Whoever christened this weekend's Buffalo Philharmonic concert "A Hollywood Spectacular" knew what he was talking about.
Is this concert ever spectacular!
You don't see setups like this anymore. In the front of the stage, there's a singer (Broadway veteran Judy McLane, in this case), in a slinky gown and long white gloves, bowing deeply and singing things like "Long Ago and Far Away" and "The Trolley Song." Behind her, you've got an entire orchestra blasting. And behind them, there's a chorus, joining in at key moments.
Who can beat this? As a true lover of old movie corn, I say, bring it on!
In some ways, the chorus was the best part. It was the proverbial gilding of the lily, embodying that spirit of excess for which Hollywood is famous. What a thrill it was, during that colossal music for "Gone With the Wind," to hear a real, live chorus start crooning "Dixie." And the chorus itself introduced the rousing "On the Atcheson, Topeka and the Santa Fe." When McLane came in with the Judy Garland part, the mood was straight out of the '40s.
Kudos to charming guest conductor Jack Everly. He is so passionate about getting that old Hollywood sound that he makes his own arrangements from faded piano scores. The horns and strings that accompanied McLane in "The Man That Got Away" and "Three Coins in the Fountain" sounded right off old records.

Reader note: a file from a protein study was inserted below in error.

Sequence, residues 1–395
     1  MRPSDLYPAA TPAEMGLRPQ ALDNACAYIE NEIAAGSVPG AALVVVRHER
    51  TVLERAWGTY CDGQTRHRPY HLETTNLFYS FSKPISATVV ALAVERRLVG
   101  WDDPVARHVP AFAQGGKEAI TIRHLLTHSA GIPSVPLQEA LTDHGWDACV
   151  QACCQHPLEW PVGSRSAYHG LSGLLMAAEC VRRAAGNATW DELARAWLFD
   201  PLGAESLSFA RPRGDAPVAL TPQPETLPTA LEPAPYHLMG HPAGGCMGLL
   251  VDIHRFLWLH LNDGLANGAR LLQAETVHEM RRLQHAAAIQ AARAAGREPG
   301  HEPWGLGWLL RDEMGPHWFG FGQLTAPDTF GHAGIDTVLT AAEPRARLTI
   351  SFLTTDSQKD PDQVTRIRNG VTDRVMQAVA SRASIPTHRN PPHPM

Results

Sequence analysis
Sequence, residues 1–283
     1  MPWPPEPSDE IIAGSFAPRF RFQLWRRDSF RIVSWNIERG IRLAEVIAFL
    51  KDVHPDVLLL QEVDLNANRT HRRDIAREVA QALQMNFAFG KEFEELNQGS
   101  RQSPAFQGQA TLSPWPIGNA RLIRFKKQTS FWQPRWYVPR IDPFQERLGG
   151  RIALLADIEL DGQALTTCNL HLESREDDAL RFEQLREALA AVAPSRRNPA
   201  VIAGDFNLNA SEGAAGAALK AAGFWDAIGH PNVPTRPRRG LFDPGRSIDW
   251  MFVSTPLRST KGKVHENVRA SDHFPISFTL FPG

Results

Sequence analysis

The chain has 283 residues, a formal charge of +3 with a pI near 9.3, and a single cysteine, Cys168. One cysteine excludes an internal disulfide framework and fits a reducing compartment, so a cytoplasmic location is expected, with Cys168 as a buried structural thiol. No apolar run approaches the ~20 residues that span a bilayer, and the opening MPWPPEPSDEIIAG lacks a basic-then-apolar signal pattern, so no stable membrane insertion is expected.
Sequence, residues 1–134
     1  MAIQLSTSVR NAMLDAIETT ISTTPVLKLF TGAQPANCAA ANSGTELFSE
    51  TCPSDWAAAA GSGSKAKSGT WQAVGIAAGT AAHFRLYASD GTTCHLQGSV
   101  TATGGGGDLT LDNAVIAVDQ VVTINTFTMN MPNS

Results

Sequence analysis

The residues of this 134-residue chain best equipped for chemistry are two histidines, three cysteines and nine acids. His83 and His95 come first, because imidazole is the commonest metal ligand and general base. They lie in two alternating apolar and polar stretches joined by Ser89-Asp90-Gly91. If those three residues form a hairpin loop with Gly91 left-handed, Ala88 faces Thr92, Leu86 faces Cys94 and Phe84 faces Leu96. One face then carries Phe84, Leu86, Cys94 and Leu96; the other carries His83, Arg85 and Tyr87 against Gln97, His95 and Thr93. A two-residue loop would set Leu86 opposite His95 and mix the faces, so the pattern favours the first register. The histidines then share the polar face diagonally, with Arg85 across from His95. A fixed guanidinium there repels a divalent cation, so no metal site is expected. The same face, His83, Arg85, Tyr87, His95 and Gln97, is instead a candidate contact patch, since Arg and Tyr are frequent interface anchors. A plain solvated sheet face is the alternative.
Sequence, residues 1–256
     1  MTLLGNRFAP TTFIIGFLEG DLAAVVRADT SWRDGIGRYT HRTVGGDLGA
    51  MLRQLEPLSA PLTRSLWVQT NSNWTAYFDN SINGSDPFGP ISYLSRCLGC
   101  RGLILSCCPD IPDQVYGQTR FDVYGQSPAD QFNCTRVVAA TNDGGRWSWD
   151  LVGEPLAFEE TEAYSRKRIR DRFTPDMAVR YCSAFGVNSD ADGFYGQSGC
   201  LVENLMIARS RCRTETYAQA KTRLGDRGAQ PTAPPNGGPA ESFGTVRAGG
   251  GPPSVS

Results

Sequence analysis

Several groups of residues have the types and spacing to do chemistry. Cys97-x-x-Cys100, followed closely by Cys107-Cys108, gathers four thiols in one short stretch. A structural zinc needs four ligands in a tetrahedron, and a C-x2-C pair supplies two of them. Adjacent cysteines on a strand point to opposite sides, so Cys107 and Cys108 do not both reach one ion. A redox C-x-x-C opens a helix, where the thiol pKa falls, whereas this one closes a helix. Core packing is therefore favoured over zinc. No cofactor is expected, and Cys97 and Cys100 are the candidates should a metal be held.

McLane's voice is a marvel, her enunciation and phrasing exquisite. (For whatever it's worth, it's the first time I've ever understood the lyrics to "My Heart Will Go On.") The program was a neat splicing of old and new: Film composer John Williams certainly got his due, with "Schindler's List," a suite from "The Phantom Menace" and "Raiders of the Lost Ark."
Luckily, most of the show, which repeats tonight, is devoted to the old. When do we get to hear this stuff these days? It's sheer, lovely nostalgia -- not only in sound, but in spirit.
A Hollywood Spectacular Buffalo Philharmonic, guest conductor Jack Everly, vocalist Judy McLane.
Program repeated at 8 p.m. Saturday.
Kleinhans Music Hall.